This morning we went to have a workshop with the Takabayashi family at their home. The workshop was led by a father-son pair, who started out by demonstrating a couple of shimai (simplified dances). One of the dances was from Iwafune, one of the plays we saw yesterday. The plays we saw yesterday were by the Kanze school, though, and evidently there are some differences between schools, though I am not discerning enough to see them. After demonstrating the dances, the Takabayashi men gave an explanation of and showed us the masks, robes, fans, and wigs that they wear in performance, explaining the nuances of each. I got to try on a robe, which was really pretty hefty, and then we all tried our hands (faces?) at wearing Noh masks. Our vision was pretty limited with the masks on (though Tiffany pointed out that in some cases you could see the ground through the nostrils of the mask) but while we were wearing them with the eyeholes lined up with our eyes, real Noh actors have the eyeholes above their eyes, so they really can’t see very much (especially if the character has a small nose!). Learning this added a new dimension to my understanding of Noh performance – the actors are truly masters of bodily and spatial awareness.
Relatedly, during the Q and A, Tiffany and Joanne posed a question about the relationship between Noh performance and Zen. While the elder Takabayashi, who answered the question, claimed that he didn’t know much about Zen, his answer betrayed the inevitability of parallels between Zen and Noh. He explained that because a performer’s personality always comes out during their performance, it is crucial that to some extent that personality is Noh-like, which entails living your day-to-day life in a way that is consistent with a Noh sensibility. He then explained that one of the most important aspects of this Noh-like existence is focus in every moment.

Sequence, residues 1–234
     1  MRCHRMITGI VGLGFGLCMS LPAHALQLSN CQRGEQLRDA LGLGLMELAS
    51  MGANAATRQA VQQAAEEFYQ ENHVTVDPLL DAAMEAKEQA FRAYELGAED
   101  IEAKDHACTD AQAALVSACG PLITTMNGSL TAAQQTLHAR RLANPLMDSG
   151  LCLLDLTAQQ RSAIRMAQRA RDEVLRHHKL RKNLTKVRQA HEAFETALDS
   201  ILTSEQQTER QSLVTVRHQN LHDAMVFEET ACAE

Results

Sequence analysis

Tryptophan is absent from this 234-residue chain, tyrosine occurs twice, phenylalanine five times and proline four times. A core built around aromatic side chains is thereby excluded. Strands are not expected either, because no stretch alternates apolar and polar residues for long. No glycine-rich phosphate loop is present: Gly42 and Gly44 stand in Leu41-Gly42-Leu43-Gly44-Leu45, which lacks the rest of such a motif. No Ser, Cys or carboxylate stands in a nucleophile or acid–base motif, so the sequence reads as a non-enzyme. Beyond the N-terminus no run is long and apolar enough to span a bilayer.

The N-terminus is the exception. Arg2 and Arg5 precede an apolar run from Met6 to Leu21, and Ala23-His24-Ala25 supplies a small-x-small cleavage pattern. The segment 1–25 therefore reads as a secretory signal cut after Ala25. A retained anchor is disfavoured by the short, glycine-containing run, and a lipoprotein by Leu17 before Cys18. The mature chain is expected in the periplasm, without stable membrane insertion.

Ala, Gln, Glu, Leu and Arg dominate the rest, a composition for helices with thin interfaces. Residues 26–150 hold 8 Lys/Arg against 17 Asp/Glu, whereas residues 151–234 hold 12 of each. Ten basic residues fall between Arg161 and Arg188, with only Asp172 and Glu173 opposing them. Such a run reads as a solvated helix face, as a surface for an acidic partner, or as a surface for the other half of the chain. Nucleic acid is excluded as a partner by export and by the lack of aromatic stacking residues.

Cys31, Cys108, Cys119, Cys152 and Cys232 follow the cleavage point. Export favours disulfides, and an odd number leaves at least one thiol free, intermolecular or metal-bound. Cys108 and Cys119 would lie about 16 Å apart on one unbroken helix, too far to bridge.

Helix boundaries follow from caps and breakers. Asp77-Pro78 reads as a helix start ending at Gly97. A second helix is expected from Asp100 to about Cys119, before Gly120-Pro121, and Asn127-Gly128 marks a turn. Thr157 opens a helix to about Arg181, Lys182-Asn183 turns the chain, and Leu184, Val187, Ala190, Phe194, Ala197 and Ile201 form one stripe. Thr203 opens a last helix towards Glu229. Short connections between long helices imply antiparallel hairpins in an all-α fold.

The comment was strikingly similar to an idea that the Zen priest Kei-san reiterated multiple times during our talk with him: that Zen as a concept is not confined to the temple or to Zazen, but should instead pervade everyday life. I am not sure if Zen could be defined as focus, but there is some similarity in the thrust of the Noh and Zen lifestyles. Additionally, in terms of thinking about traditional artisans (or religious leaders) in the present, it is interesting to consider the dimension of physical geography and scope of ideology. How much to things like Zen and Noh extend out of the temple or the theatre, their designated physical spaces? And what does this say about the relationship of most Japanese people to Zen and Noh? Zen, of course, has a more democratic attitude toward participation while the Noh lifestyle is limited to a hereditary set of performers, but I believe that the similarity in Takabayashi-sensei and Kei-san’s commentaries is still pertinent.
After the Noh workshop, Tiffany and I went to Toji-in and Ryoan-ji, then went to an onsen in Arashiyama before heading to Osaka, where we walked around and had some okonomiyaki. As the finale, I dropped my phone in the toilet at Yodoyabashi station! It was overall a great (and packed) day!
P.S. My phone is still alive as this blog post is being written, and I had a hilarious conversation with the hostel front desk staff who had never heard of putting a wet phone in rice before. I’ll post updates.